There are neither reasons no justification for this massacre. It is even more disturbing that this is coming after we heard that President Muhammadu Buhari withdrew soldiers fighting Boko Haram and told them to go and deal with non-violent protesters in Igboland. It is happening as the president releases Boko Haram terrorists and Fulani herdsmen terrorising the country unchallenged.

Friday, February 26, 2016

Multiculturalism And The Igbo Identity

By Dan Amor
I would have loved to title our column this week, 'Buhari And The Igbo Question', but in order not to reduce this very important issue to mere verbalism by those who read banal political expediency into all serious issues, I plead that we settle for the above title.
*President Buhari 
 Multiculturalism has been the subject of cover stories of most international magazines including Time and Newsweek, as well as numerous articles in newspapers and magazines across the world. It has sparked heated jeremiads by leading American columnists such as George Will, Dinesh D'Sousa, and Roger Kimball. It moved William F. Buckley to rail against Stanley Fish and Catherine Stimpson  on "Firing Line.

It is arguably the most hotly debated topic in the civilised world today – and justly so. For whether one speaks of tensions between Hasidim and African-Americans in Crown Heights, or violent mass protests against Moscow in ethnic republics such as Armenia, or outright war between Serbs and Croats in Yugoslavia, it is clear that the clash of cultures is a worldwide problem, deeply felt, passionately expressed, always on the verge of violent explosion. Problems of this magnitude inevitably frame the discussion of multiculturalism and cultural diversity even among leading intellectuals across the world. Yet, it is unfortunate that, in Nigeria, the vexed issues of racism, nationalism and cultural identity are downplayed by our commentators and analysts because some think that they and their tribes are not directly affected.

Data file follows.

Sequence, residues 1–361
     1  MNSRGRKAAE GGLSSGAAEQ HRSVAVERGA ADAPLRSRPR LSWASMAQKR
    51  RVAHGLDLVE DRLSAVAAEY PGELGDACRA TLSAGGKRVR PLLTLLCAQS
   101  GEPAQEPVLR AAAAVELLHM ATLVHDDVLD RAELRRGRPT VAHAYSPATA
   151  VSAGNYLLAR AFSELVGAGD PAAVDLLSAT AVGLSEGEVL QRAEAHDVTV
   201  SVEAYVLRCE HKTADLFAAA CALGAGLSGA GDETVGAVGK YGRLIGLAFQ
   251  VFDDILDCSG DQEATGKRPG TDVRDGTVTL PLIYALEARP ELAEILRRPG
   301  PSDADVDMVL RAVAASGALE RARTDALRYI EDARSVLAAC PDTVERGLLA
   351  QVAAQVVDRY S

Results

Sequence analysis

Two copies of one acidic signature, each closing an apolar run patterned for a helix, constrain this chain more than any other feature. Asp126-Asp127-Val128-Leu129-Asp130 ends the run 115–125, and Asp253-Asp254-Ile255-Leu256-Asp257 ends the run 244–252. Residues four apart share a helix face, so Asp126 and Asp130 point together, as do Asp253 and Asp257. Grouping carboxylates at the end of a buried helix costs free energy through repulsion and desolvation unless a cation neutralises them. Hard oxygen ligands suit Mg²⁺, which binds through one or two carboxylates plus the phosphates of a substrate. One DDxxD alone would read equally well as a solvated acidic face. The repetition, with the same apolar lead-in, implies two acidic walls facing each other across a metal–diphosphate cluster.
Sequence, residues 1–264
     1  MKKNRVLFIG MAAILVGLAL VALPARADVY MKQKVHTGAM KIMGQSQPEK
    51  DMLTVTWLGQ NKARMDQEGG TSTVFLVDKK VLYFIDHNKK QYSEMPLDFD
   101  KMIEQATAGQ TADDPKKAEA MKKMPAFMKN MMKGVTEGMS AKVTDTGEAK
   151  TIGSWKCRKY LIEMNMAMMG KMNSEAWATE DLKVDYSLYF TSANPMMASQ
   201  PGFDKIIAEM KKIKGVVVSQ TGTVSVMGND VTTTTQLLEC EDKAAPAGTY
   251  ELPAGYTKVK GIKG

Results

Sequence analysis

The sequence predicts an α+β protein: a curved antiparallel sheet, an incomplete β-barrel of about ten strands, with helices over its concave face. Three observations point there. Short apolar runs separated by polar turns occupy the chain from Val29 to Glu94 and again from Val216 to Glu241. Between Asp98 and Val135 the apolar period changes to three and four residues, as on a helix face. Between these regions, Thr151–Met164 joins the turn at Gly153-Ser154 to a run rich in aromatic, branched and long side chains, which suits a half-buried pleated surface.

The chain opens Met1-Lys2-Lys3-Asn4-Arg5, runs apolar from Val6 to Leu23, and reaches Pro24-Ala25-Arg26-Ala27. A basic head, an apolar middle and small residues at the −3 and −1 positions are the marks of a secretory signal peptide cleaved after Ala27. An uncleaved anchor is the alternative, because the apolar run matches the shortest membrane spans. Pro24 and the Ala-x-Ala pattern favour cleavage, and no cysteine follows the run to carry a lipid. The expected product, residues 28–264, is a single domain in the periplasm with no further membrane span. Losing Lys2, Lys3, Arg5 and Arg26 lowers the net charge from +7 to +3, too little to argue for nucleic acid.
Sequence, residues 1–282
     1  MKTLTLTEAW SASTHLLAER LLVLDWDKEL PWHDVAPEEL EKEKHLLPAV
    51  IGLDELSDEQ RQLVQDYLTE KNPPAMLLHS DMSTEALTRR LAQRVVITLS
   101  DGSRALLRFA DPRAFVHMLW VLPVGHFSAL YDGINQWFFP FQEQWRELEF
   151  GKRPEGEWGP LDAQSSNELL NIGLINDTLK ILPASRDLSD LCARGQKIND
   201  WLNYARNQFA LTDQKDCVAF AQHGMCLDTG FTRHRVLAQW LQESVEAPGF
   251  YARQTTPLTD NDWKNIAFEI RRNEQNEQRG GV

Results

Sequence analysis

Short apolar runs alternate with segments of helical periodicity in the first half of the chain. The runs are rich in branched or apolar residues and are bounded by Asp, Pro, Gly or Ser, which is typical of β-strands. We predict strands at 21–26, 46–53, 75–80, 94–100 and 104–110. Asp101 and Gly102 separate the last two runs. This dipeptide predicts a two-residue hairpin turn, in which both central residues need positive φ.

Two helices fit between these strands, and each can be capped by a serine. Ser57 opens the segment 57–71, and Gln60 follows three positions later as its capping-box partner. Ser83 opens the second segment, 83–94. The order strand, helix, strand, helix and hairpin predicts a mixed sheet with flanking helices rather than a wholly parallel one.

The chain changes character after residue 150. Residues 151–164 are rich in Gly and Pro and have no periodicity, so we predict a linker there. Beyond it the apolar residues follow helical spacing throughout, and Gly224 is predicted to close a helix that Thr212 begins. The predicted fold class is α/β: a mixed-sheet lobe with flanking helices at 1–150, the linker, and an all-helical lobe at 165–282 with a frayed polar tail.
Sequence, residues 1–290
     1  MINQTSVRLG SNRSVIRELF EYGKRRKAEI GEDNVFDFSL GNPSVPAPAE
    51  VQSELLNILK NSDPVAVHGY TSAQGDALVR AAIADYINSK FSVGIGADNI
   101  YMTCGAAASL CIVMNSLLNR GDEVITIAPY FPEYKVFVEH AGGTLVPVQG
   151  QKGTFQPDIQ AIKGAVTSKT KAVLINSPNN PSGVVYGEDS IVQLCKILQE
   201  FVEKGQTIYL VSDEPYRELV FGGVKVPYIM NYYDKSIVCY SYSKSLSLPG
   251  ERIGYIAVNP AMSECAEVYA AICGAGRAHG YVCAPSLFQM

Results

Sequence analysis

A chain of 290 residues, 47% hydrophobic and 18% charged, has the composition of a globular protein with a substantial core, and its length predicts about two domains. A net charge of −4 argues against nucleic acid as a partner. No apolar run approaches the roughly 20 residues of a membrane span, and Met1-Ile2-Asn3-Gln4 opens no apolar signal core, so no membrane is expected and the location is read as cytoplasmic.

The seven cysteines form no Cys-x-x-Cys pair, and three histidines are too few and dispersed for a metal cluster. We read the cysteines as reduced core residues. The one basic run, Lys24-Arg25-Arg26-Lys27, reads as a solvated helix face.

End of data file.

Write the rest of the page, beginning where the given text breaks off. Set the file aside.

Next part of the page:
Few commentators could have predicted that one of the issues that dominated academic and popular discourse in the final decade of the twentieth century and into the twenty-first century 
– concomitant with the fall of apartheid in South Africa, communism in Russia, and the subsequent dissolution of the Soviet Union – would be the matter of cultural pluralism in our secondary school and university curricula and its relation to the "Nigerian" national identity. Repeated experience and routine violations of the rights of minorities and the Igbo nation in Nigeria attest to the urgency of the scattered, and often confused, debates over what is variously known as cultural diversity, cultural pluralism, or multiculturalism. 

The greatest threat to the string that binds us together as a nation of diverse ethnic and religious backgrounds and its social intercourse is not nationalistic cultural passions but our collective failure to discuss our differences and the arrogant manifestation of messianic impudence by our rulers who think that they possess the sole authority to dictate what should be talked about and what not to discuss in our country. Increasing incidents of violence are associated with ethnic differences in very many places in the world: Koreans and African-Americans in Flatbush, Brooklyn; Zulus and Xhosas in South Africa; Poles and Gypsies in Poland; the Tutsis and Hutu in Rwanda; the Hausa/Fulani and Igbo in Nigeria; and, of course, the fate of the Jews in Ethiopia and in the old Soviet Union.

Nigeria: A Government In Denial

By Ikechukwu Amaechi
My daughter’s nanny, Mama Ike, came to work recently with a mischievous smirk on her face. I couldn’t figure out what the matter was but it was apparent she was excited about something. Then, she blurted out.

“Oga,” she quipped, “Is it true that the president had run away?”
 “Which president?” I asked her, flummoxed.

“Our president, (Muhammadu) Buhari,” she riposted matter-of-factly.
“No,” I told her. “It is not true. “He is on a five-day vacation.”